For those of us that spend a good part of the day stuck in SoCal traffic, Google’s self-driving car offers a tiny glimpse of future salvation. We’re a long way off from streets filled with autonomous autos, but Google’s cars have driven 1.7 million miles so far, have only been in 11 accidents, and apparently humans were at fault in all cases. This really shouldn’t come as a surprise to anyone with any measure of self-awareness and experience with today’s technology. After all, technology provides us with a means to amplify our own innate abilities and allows us to achieve objectives that might be beyond our unassisted reach. It also grants us the ability to fail faster and sometimes in a spectacular way.
What this means for you:
My newer clients are frequently surprised to hear me say, “Sometimes, less technology is better.” It sounds like a butcher preaching a vegan life-style to his customers. The main reason I say this is not because I’m a Luddite (far from it!) but that I often come across instances where someone has become temporarily blinded by what I call the “Shiny Factor” and has adopted or implemented a technology that complicates rather than simplifies their original intent.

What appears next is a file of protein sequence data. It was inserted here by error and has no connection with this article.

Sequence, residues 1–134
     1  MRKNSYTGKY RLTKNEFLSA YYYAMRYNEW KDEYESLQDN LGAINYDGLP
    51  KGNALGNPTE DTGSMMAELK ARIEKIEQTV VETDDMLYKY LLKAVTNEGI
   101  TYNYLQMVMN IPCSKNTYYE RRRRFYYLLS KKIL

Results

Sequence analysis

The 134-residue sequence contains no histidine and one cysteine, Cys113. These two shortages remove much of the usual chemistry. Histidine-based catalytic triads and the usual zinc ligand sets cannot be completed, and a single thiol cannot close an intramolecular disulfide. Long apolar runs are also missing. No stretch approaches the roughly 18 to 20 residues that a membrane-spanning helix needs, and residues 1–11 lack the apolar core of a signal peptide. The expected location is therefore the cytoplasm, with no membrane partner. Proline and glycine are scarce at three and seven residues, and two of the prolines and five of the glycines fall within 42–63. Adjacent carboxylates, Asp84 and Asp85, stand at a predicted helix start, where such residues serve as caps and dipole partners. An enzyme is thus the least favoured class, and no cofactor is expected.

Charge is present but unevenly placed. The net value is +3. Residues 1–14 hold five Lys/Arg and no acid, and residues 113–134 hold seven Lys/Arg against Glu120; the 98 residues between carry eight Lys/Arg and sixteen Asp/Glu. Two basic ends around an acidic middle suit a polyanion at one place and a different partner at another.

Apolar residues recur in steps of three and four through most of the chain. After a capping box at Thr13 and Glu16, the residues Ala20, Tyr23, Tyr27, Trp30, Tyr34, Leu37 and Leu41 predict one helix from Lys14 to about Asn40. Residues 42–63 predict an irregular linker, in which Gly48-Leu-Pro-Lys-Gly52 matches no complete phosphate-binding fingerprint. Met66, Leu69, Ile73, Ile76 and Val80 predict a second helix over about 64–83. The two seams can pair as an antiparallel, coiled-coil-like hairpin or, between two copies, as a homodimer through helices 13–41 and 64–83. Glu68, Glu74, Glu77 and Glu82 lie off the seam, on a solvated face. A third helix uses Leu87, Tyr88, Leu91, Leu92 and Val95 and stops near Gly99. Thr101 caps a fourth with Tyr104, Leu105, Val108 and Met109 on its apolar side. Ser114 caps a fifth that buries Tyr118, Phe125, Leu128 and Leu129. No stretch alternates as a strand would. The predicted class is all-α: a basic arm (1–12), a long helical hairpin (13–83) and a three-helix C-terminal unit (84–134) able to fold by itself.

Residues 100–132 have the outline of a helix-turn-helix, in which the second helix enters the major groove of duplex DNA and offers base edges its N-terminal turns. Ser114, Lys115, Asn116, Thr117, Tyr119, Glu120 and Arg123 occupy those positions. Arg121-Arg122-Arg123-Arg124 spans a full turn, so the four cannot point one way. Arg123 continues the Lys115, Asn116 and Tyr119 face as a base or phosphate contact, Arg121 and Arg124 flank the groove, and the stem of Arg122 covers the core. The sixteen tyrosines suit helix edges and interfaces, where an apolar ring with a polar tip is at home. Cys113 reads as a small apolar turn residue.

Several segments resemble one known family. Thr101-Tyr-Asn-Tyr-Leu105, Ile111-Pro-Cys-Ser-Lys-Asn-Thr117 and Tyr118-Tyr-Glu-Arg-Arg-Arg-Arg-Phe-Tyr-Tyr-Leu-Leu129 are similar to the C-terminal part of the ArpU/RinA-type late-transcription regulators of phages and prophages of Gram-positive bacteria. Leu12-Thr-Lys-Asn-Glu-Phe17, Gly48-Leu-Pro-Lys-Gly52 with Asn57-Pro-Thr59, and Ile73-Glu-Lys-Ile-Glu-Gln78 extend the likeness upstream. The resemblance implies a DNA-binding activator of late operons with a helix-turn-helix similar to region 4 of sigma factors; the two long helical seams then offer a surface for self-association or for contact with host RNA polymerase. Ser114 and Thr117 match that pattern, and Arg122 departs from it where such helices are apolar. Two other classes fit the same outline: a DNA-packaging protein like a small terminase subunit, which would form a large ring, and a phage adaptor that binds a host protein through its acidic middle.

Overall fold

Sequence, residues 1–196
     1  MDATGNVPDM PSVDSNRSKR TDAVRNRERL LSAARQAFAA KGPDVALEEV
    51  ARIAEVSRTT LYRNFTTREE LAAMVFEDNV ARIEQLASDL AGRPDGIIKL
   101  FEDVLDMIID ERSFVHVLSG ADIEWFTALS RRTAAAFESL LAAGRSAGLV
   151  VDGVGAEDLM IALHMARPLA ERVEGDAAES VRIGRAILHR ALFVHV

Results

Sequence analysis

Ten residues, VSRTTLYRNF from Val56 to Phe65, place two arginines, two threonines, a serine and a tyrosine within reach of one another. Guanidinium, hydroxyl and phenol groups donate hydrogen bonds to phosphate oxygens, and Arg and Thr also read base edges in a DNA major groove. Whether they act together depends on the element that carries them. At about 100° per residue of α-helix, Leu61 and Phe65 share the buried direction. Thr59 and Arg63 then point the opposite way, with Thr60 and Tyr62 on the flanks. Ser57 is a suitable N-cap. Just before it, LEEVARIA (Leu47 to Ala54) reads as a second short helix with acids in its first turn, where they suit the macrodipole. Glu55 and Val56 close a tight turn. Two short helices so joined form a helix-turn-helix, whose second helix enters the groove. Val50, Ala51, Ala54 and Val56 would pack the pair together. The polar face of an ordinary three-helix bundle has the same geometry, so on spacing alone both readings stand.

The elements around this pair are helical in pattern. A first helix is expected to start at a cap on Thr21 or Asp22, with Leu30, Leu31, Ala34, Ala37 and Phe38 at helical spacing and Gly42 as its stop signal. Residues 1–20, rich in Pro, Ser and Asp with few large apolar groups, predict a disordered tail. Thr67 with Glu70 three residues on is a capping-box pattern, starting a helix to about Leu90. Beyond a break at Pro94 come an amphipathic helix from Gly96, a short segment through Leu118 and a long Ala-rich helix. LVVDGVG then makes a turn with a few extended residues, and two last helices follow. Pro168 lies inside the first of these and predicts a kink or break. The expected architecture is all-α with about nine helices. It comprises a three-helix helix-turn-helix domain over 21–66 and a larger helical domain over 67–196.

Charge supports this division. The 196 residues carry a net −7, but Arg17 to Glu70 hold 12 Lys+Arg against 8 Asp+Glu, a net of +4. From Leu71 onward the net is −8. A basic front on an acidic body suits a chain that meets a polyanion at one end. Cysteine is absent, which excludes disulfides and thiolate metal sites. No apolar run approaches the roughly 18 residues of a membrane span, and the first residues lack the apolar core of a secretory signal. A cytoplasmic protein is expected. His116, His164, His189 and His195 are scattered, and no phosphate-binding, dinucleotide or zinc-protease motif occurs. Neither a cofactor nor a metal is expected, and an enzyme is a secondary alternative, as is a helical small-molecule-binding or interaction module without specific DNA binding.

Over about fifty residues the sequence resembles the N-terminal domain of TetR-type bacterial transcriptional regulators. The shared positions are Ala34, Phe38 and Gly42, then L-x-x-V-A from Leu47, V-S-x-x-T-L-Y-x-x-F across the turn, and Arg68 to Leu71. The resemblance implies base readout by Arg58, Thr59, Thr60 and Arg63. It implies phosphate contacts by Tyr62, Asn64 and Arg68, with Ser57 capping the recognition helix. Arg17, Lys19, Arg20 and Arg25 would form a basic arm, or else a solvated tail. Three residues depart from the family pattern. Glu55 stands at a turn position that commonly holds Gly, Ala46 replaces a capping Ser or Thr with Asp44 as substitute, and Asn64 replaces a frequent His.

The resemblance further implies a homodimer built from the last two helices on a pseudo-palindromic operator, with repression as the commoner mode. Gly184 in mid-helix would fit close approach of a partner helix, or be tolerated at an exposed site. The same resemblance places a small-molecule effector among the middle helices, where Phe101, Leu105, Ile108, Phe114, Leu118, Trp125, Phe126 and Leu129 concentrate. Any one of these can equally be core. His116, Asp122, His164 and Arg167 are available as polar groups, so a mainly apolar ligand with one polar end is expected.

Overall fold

A prime example of this are clients that purchase software or even new computers to deal with an increasing volume of email, when the simpler (but not necessarily easier) solution would be to reduce the volume of email. Purchasing expensive firewalls won’t prevent infections caused by poorly-trained employees. Faster, more powerful computers won’t fix broken process automation or buggy software, nor will a faster internet connection necessarily result in more productive workers. It’s a dangerous, slippery slope, and can become self-perpetuating spiral of expense, frustration and complexity. As the old adage goes, the cure may end up being worse than the disease.
Are we doomed? Only if we continue to ignore that technology is created to serve us, and not the other way around. Technology is not meant to replace humans, but to amplify us. It’s up to us to make sure that the good is amplified and the bad minimized wherever possible, and sometimes to solve problems or get work done the old fashioned way – with a little elbow grease, human ingenuity, and common sense.
Image courtesy of Stuart Miles at FreeDigitalPhotos.net